Judge keeps District 202 tax-cut question on the April ballot
Lisle Unit District 202 voters likely will weigh in on a tax-cut question in April after a DuPage County judge refused to remove the measure from the ballot.
Judge Bonnie Wheaton on Wednesday upheld a decision by the DuPage County Electoral Board that the ballot should include the question that will ask if District 202's levy -- the portion of its budget paid for with property taxes -- should be lowered by roughly $1.9 million.
"I couldn't be more happy for the taxpayers of Lisle District 202," said Susan Cassa, one of the residents who collected more than 1,400 signatures to put the binding question on the April 2 ballot. "The people will have the opportunity to vote their feeling about the level of taxation."
Cassa and other members of a group called "Go Refund Me" were able to push for the referendum because of a state law approved last year.
As part of the law, school districts that have an "adequacy level" for education funding that's 110 percent or more are eligible for referendums that seek tax cuts. The adequacy level reflects how much the state believes a school district should be spending to educate students in comparison to what the district actually spends.
Ray Sojka, one of the Go Refund Me members, says District 202 has an adequacy rate of 149 percent. "It's the second highest in DuPage County," he said.
But after the group submitted enough signatures to put the question on the ballot, Lisle resident Joshua Martin filed an objection to the petition.
Martin argued the proposed ballot question fails to meet a requirement outlined in the law because it calls for a reduction of property taxes "for the 2018 levy year." He said the ballot question should request a reduction of property taxes for the 2019 levy year -- the same year the election is held.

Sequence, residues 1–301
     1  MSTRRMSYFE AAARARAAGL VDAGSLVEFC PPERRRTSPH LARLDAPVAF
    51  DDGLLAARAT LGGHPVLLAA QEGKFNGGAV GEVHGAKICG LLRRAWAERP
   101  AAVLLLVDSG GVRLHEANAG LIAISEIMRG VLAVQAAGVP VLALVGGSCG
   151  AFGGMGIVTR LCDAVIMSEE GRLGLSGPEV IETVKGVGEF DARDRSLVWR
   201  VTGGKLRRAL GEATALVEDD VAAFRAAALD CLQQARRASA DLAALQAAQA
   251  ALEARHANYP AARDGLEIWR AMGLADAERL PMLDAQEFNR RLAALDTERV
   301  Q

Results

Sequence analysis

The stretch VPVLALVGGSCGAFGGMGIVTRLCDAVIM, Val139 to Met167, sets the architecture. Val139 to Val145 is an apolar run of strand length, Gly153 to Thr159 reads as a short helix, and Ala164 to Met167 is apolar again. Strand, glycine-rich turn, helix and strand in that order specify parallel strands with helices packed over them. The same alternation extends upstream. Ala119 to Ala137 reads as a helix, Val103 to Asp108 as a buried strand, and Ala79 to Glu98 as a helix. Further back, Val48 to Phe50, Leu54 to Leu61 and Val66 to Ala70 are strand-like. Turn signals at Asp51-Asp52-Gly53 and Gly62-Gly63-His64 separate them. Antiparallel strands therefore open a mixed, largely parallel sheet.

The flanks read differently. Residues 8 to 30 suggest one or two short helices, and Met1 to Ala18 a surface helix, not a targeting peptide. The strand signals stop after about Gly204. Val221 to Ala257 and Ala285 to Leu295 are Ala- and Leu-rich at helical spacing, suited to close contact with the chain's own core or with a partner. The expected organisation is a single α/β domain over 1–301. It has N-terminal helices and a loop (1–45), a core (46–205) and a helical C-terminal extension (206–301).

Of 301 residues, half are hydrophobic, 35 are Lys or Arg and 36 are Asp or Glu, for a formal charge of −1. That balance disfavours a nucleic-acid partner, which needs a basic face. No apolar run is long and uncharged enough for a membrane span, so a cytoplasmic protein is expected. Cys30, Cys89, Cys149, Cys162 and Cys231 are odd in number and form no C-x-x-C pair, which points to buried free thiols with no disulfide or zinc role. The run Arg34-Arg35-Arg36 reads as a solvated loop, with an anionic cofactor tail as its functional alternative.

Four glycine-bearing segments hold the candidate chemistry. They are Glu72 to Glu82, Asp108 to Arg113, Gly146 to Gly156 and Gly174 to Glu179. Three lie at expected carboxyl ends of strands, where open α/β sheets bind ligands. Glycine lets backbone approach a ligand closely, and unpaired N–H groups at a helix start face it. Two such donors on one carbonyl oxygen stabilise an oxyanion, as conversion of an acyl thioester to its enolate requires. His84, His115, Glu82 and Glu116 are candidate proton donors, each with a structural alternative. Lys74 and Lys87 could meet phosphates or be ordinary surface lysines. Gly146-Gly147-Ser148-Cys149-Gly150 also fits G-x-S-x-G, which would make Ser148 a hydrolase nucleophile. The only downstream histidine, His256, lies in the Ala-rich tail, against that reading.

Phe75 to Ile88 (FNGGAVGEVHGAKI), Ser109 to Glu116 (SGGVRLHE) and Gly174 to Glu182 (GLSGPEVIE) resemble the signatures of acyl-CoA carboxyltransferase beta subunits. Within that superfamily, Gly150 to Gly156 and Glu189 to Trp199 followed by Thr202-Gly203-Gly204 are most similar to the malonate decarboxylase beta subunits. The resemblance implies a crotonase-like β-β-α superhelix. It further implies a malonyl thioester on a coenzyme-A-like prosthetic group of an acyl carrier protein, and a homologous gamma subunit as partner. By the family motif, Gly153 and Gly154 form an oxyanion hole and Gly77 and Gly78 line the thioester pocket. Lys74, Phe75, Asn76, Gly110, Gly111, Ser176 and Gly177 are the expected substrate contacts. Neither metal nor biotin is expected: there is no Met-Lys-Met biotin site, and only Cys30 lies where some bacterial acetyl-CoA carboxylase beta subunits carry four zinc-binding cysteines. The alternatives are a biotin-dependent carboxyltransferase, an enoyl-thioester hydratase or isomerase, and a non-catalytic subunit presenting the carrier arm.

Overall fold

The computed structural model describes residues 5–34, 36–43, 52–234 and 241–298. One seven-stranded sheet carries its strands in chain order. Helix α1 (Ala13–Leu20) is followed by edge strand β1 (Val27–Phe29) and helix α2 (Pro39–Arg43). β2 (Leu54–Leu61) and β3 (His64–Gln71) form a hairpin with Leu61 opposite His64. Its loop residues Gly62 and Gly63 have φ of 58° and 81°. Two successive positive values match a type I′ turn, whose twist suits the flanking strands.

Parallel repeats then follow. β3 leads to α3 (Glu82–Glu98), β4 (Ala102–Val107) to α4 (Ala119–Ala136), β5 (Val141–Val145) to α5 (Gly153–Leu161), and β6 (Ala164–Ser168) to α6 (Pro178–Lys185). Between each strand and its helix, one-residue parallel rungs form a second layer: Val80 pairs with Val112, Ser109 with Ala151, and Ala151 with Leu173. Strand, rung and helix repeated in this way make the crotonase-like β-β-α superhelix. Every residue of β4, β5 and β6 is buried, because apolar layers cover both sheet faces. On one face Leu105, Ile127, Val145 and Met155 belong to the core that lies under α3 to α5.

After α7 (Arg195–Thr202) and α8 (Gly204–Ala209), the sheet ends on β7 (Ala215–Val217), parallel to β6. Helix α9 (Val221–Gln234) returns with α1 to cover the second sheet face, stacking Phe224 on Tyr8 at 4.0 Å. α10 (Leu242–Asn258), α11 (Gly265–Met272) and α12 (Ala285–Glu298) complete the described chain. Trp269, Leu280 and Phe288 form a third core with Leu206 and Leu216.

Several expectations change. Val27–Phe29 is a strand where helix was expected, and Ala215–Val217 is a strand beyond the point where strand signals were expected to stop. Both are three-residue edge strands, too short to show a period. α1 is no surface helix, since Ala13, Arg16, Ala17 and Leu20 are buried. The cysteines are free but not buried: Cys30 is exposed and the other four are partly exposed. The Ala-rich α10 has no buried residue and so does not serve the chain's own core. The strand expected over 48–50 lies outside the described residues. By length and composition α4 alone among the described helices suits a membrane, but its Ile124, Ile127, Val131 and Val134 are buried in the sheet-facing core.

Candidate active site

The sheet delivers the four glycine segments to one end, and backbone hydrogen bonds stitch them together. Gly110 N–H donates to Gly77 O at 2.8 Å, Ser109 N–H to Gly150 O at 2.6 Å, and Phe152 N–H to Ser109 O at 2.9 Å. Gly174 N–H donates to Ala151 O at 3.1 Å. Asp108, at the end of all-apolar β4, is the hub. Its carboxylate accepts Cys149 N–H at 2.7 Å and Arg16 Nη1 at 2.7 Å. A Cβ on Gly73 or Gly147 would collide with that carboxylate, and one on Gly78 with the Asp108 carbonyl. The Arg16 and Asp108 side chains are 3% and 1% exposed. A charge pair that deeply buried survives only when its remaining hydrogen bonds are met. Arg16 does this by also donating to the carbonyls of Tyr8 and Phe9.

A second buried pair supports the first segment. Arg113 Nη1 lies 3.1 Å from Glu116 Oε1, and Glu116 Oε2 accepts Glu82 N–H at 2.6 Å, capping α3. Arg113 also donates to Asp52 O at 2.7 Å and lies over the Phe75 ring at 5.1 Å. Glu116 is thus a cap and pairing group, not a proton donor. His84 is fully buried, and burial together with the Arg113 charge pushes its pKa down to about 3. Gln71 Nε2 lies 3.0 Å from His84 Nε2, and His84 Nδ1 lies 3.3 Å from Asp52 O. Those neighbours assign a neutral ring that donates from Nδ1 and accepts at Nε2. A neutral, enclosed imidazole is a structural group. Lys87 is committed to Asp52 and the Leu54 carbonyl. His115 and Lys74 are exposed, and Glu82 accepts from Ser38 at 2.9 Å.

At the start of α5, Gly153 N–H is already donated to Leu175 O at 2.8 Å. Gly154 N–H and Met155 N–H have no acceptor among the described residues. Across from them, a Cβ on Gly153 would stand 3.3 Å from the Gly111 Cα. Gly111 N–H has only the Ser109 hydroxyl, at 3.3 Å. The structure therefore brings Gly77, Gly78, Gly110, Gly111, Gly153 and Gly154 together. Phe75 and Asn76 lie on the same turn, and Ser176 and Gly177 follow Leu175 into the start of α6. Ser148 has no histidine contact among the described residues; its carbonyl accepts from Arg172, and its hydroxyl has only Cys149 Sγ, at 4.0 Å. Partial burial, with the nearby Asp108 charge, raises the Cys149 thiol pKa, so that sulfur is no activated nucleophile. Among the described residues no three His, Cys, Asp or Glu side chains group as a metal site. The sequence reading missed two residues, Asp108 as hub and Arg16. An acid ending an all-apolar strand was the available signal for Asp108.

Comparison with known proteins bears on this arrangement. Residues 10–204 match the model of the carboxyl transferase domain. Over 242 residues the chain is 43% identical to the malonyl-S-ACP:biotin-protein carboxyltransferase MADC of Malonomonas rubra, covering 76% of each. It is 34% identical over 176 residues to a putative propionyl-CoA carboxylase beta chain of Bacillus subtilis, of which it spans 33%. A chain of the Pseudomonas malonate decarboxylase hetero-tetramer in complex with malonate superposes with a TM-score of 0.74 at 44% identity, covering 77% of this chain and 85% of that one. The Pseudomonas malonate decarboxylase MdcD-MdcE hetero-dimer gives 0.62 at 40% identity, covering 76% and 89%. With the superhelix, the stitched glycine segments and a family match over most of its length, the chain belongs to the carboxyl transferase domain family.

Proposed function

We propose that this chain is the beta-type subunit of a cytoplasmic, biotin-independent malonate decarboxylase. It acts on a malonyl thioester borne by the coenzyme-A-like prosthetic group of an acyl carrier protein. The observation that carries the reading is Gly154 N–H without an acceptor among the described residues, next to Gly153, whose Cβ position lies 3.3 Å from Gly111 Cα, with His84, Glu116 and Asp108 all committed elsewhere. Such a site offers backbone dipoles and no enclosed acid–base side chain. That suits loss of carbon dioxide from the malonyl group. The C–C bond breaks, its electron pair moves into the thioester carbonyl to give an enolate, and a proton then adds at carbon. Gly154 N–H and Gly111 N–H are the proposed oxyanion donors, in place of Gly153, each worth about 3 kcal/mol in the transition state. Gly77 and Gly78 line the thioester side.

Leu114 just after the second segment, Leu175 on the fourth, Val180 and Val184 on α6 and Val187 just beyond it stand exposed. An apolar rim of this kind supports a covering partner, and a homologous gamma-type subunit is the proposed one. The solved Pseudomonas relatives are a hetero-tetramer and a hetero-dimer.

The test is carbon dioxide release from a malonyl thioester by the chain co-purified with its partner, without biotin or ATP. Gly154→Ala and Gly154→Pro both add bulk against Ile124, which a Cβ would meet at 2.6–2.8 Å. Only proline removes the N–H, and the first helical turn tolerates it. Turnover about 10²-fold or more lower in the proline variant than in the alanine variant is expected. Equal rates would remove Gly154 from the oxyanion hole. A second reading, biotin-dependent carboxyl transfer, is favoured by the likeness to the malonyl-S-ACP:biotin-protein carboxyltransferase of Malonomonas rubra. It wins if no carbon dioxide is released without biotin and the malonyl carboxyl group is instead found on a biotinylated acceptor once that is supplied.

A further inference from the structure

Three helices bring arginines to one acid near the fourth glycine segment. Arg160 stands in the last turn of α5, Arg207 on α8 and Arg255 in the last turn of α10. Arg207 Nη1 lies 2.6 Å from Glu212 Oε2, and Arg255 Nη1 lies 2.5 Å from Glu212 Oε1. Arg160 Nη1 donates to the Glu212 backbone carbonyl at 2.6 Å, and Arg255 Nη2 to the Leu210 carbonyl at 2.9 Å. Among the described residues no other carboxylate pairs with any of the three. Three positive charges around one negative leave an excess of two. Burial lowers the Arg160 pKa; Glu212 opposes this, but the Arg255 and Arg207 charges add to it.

That argument was rejected by the electoral board and the judge.
On Wednesday, Martin said he's worried about the financial impact the referendum could have on District 202 if voters approve a cut in the levy.
But Keri-Lyn Krafthefer, Martin's attorney, points out the proposal could fail.
"It's a pretty smart electorate in Lisle," Krafthefer said. "They may vote it down realizing the consequences of it."
By law, a successful request would reduce the district's levy by 10 percent or the amount that would bring it down to a 110 percent adequacy rate, whichever is less.
So if District 202 voters approve the ballot question, the levy for the district's education fund would be reduced to $17.15 million from $19.06 million.
Sojka insists the reduction wouldn't have a negative impact on District 202. He said the school district still would have healthy cash reserves.
"We wouldn't have collected 1,400 signatures if we had any thought that there would be a risk to teachers, students and student services," Sojka said.
Meanwhile, it's estimated the property taxes homeowners pay to the district would decrease about $100 per $100,000 of a home's value if the ballot request is approved.